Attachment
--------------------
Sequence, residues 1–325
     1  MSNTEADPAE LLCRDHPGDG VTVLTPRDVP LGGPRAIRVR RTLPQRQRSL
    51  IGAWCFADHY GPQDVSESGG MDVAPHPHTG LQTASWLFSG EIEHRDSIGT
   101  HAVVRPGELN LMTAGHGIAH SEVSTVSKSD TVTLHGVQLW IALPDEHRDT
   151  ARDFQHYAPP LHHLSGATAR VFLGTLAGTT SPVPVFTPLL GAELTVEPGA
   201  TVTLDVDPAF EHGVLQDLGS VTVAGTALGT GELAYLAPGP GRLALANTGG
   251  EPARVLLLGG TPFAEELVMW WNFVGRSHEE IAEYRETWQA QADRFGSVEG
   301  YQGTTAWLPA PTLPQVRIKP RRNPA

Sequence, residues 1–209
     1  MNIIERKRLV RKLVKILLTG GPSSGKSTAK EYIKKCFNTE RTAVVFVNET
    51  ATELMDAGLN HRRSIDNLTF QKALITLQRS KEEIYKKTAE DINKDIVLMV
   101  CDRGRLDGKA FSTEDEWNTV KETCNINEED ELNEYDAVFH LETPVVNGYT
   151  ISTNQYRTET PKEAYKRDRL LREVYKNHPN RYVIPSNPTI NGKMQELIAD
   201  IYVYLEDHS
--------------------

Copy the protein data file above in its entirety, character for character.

Sequence, residues 1–325
     1  MSNTEADPAE LLCRDHPGDG VTVLTPRDVP LGGPRAIRVR RTLPQRQRSL
    51  IGAWCFADHY GPQDVSESGG MDVAPHPHTG LQTASWLFSG EIEHRDSIGT
   101  HAVVRPGELN LMTAGHGIAH SEVSTVSKSD TVTLHGVQLW IALPDEHRDT
   151  ARDFQHYAPP LHHLSGATAR VFLGTLAGTT SPVPVFTPLL GAELTVEPGA
   201  TVTLDVDPAF EHGVLQDLGS VTVAGTALGT GELAYLAPGP GRLALANTGG
   251  EPARVLLLGG TPFAEELVMW WNFVGRSHEE IAEYRETWQA QADRFGSVEG
   301  YQGTTAWLPA PTLPQVRIKP RRNPA

Sequence, residues 1–209
     1  MNIIERKRLV RKLVKILLTG GPSSGKSTAK EYIKKCFNTE RTAVVFVNET
    51  ATELMDAGLN HRRSIDNLTF QKALITLQRS KEEIYKKTAE DINKDIVLMV
   101  CDRGRLDGKA FSTEDEWNTV KETCNINEED ELNEYDAVFH LETPVVNGYT
   151  ISTNQYRTET PKEAYKRDRL LREVYKNHPN RYVIPSNPTI NGKMQELIAD
   201  IYVYLEDHS